Climate sensitivity uncertainty and the need for energy without CO2 emission
Ken Caldeira, Atul K. Jain, & Martin I. Hoffert
It has generally been called a necessity for humans to stabilize greenhouse gas emissions to prevent radically large interference in the climate. However, exactly how sensitive the climate is to certain amounts of greenhouse gasses is uncertain. Here it is displayed how this uncertainty makes it very difficult to predict what amounts of CO2 would be safe to emit.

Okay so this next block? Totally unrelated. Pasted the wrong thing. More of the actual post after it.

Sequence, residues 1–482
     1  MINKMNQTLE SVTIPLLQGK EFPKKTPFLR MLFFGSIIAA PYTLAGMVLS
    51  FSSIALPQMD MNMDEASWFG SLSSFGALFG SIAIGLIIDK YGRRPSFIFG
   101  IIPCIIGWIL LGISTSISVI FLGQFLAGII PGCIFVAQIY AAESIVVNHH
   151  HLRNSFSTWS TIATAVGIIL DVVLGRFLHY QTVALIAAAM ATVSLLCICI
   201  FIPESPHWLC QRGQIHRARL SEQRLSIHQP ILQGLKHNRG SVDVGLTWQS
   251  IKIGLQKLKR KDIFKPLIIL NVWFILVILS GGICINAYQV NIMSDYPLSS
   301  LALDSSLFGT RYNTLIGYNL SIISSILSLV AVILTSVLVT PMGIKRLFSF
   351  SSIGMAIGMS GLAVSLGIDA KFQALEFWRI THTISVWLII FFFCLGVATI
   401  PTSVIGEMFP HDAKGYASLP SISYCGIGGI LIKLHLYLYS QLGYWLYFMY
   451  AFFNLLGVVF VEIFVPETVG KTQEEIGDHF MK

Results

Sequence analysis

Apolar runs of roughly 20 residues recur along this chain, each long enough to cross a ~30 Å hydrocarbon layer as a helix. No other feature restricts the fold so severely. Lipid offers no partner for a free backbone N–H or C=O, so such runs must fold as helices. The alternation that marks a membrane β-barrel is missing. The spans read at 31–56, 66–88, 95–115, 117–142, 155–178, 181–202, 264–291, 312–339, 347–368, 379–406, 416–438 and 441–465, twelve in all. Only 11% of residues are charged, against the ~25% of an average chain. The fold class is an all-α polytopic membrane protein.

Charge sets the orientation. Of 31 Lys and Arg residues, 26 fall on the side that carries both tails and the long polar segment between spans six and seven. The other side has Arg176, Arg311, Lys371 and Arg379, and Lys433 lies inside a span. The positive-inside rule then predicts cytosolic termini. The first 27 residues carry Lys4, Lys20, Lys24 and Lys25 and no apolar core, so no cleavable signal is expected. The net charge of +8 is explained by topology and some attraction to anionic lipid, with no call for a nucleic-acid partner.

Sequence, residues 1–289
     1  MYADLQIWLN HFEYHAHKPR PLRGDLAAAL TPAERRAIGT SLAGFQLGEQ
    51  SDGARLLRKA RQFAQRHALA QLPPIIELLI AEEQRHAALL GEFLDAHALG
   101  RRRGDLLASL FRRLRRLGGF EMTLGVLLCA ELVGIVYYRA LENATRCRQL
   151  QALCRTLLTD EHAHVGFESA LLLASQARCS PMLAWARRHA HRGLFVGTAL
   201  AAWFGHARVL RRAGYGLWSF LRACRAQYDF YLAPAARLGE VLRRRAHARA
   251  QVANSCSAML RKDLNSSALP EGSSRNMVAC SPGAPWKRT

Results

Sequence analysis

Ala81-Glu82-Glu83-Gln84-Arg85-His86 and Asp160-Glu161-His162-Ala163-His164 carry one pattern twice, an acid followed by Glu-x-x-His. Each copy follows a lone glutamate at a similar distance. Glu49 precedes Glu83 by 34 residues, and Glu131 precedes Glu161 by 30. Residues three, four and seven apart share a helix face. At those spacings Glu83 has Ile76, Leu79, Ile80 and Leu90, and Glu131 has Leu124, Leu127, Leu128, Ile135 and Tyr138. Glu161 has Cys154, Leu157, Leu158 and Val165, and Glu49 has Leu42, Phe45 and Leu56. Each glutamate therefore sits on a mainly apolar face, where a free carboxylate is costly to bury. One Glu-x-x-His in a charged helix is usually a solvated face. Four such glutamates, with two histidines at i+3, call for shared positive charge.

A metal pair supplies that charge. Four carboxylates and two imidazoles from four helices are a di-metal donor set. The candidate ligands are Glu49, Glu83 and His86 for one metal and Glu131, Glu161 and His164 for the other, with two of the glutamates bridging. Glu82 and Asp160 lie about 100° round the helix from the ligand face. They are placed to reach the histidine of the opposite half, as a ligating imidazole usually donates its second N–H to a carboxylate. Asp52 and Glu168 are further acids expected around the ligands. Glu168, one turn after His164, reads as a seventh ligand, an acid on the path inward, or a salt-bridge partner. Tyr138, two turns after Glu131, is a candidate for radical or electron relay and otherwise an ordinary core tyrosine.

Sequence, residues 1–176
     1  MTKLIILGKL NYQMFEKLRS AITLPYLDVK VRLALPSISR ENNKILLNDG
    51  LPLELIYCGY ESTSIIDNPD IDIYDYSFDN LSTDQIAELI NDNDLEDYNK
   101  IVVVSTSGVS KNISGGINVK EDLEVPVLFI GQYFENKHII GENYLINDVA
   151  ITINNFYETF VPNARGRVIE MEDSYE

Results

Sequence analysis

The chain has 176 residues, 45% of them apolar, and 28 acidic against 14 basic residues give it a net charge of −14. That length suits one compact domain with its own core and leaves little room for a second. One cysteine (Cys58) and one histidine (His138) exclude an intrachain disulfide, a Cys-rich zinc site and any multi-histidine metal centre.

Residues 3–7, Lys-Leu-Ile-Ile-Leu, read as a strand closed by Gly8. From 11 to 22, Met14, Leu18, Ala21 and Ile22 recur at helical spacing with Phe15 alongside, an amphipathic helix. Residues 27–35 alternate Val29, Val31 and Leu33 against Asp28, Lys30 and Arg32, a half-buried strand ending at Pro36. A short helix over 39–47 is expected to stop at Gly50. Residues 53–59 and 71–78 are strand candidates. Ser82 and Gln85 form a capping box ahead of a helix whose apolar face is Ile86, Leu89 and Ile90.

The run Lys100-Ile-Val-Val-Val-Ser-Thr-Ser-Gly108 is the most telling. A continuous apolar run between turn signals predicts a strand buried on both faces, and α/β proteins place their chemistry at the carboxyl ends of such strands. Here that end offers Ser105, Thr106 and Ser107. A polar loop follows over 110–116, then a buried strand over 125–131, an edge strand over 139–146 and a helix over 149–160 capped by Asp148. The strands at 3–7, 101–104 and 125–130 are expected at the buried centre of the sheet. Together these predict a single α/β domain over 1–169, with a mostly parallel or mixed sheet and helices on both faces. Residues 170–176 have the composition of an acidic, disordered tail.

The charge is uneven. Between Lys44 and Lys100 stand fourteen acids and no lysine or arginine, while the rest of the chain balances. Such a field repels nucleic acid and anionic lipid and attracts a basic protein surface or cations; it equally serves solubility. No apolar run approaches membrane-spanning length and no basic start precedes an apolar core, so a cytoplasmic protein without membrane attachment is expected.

The UN Framework Convention on Climate Change calls for “stabilization of greenhouse gas concentrations at a level that would prevent dangerous anthropogenic interference with the climate system.”Even if we could determine a “safe” level of interference in the climate system, the sensitivity of global mean temperature to increasing atmospheric CO2 is known perhaps only to a factor of three or less. Here we show how a factor of three uncertainty in climate sensitivity introduces even greater uncertainty in allowable increases in atmospheric CO2 concentration and allowable CO2 emissions. Nevertheless, unless climate sensitivity is low and acceptable amounts of climate change are high, climate stabilization will require a massive transition to CO2 emission–free energy technologies.